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calcitonin levels are measured and compared with peripheral levels. Metastatic disease is localized to regions of the neck drained by veins in which a step-up is noted [90]. Although the test is extremely sensitive, not all metastatic foci are detected by SVC sampling. Cervical venous drainage may have been altered by previous surgery, and the general areas drained by these veins is large. A number of different radiopharmaceuticals have been described to localize metastatic MTC. Thallium chloride-201 (201Tl) and technetium-99 m dimercaptosuccinic acid (99mTc DMSA) have been shown to be useful in evaluating hypercalcitoninemic patients [91–94]. 131I-m-Iodobenzyguanidine (MIBG) scintigraphy can be used to image MTC, but is not consistent. Octreotide scans with indium-111 (111In) have been used to localize metastatic disease, but only have a sensitivity of approximately 57–67% [95]. Higher serum calcitonin levels are associated with greater sensitivity [96]. A study conducted by Adams et al. reported that the combination of metabolic (99mTc DMSA) and receptor (111In-DTPA-d-Phe1-pentetreotide) imaging is more sensitive for tumour localization in patients with recurrent MTC than the use of only one radiopharmaceutical. Monoclonal anti-CEA antibodies labeled with iodine-131 (131I) or iodine-123 123 ( I), 111In, and 99mTc have been evaluated for localization of MTC [97]. Juweid et al. reported the largest series with 26 patients, but only 9 were identified as patients with occult disease. SPECT with labeled monoclonal anti-CEA antibodies was compared with ultrasonographic examination and CT scan, and in 4 of 9 patients, imaged metastatic foci were confirmed by operative results. Concerning the number of patients examined, the value of monoclonal antibodies in localization of occult MTC remains to be proved. Anticalcitonin monoclonal antibodies have also been evaluated in a small number of cases but have never gained broad attention [98]. Additionally, recent studies have examined the imaging of cholecystokin (CCK)-B receptors, which have been demonstrated in a high percentage of MTCs in vitro, in patients with MTC [99,100]. Radioimmunoguided surgery is a recently described technique designed to facilitate the intraoperative detection of metastases. After systemic administration of tumor-specific radiolabeled monoclonal antibodies, a hand-held gamma counter is used to scan the operative field. Areas of increased activity are explored, and soft tissue and nodes from these areas are resected. In five patients in whom immunoscintigraphy using an anti-CEA monoclonal antibody was applied, all previously identified metastases could be visualized. According to the authors, the technique detected tumor foci missed by intraoperative inspection and palpation in 3 of 5 patients. Radioimmunoguided surgery did not identify two small (10 mm  10 mm) lesions that were resected and found to contain microscopic cancer [97]. In a case report, intraoperative scanning after 111In pentetreotide administration was used to localize metastatic sites. Plasma calcitonin levels fell remarkably after surgery but were not reduced to normal values [101]. Although these results are promising, this method is cumbersome and can be applied effectively only if the gross location of the remaining malignant tissue is already known at the time of operation [87]. Fluorodeoxy glucose positron emission tomography (FDG-PET) has been evaluated by our group in the staging of MTC. From January 1996 to December 1996,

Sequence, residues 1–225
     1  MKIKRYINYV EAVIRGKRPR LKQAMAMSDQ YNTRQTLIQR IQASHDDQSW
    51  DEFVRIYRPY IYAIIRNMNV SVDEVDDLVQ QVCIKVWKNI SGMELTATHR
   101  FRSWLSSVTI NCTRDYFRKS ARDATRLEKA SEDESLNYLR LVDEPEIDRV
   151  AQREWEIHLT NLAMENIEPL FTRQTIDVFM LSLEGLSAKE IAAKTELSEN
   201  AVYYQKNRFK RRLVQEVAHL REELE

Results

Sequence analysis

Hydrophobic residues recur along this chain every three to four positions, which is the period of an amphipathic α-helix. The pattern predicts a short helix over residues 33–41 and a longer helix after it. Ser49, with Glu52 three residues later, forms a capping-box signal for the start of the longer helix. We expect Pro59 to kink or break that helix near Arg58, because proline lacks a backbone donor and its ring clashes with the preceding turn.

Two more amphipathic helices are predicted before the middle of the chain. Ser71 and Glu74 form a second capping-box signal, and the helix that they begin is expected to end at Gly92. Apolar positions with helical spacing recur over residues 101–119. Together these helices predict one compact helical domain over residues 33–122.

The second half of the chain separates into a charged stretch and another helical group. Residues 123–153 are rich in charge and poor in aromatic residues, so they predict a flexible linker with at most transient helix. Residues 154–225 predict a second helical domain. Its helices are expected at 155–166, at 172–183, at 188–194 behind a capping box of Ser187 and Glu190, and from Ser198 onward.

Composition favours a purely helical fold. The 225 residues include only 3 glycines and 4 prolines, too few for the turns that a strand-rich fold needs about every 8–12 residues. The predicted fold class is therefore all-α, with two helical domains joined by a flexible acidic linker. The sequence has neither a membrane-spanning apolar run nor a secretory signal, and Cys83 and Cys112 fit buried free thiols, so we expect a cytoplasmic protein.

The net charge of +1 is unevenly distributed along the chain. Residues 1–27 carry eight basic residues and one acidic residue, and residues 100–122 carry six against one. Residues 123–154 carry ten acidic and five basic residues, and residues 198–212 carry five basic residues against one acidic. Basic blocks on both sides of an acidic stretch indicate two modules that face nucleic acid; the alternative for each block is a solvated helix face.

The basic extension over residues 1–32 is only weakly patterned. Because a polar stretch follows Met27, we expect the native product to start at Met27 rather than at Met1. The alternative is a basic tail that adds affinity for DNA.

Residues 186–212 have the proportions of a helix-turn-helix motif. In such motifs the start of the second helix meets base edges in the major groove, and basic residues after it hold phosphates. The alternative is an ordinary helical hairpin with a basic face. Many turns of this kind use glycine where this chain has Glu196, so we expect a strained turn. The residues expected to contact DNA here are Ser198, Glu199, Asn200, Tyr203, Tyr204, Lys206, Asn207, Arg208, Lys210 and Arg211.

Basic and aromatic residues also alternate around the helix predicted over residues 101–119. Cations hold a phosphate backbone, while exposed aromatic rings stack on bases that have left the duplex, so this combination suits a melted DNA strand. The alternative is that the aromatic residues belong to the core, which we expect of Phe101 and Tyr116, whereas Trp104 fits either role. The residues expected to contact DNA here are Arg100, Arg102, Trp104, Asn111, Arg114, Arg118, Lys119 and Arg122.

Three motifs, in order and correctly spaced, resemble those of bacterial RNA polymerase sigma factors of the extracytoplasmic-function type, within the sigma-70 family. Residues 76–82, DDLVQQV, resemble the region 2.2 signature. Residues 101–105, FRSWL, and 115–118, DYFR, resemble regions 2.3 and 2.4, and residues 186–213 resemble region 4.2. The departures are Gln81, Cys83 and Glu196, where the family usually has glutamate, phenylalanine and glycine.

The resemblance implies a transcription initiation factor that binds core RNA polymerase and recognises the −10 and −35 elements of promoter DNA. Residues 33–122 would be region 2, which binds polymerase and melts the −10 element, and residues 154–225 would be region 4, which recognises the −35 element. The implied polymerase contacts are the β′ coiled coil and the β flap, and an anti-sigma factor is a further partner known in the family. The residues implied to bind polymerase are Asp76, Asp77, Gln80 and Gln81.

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10 consecutively treated patients (seven men and three women) with elevated serum calcitonin levels after primary operative treatment for MTC were included in the study. FDG-PET images were compared with CT and MRI images, and suspected metastatic foci were assessed by correlation with intraoperative and histopathologic findings [102]. FDG-PET imaging proved to be more sensitive but less specific in detecting cervicomediastinal metastatic lesions compared with CT or MRI. Two patients with liver metastases detected by laparoscopy only, however, had no evidence of abnormal liver FDG uptake on PET imaging [102]. At our institution, we have found diagnostic laparoscopy to be invaluable in the evaluation of liver involvement by MTC. (Fig. 3) Metastatic MTC to the liver frequently appears as small nodules between 1 and 5 mm in size, easily seen as bright and whitish under laparoscopic magnification. Lesions of this size are generally beyond the resolution of conventional CT, nuclear scans, and ultrasonograms. The ability of laparoscopy to detect small lesions that CT scans and ultrasonograms have missed has been confirmed previously in studies of hepatic and pancreatic malignancies [103,104]. Warshaw et al. [104] noted that laparoscopic examination occasionally revealed metastatic nodules, which open examination did not. In our series of 44 patients, metastatic MTC lesions were demonstrated in 10 patients, nine of whom had negative CT or MR imaging [61,89]. In a study by Tung et al. [89], eight patients with calcitonin elevations in hepatic veins were not found to have liver metastases by laparoscopic examination. Abdelmoumene et al. [90] studied 19 patients, of whom five showed evidence of distant metastases (in the liver in four) by SVC. All five had clinical evidence of distant metastases within a mean follow-up of 3.5 years. It is possible that laparoscopy is more specific than SVC or, conversely, that the hepatic vein calcitonin gradients reflect small, relatively slow growing, and as yet otherwise undetectable foci of MTC. The long-term outcome of these patients has to be determined to address this issue adequately.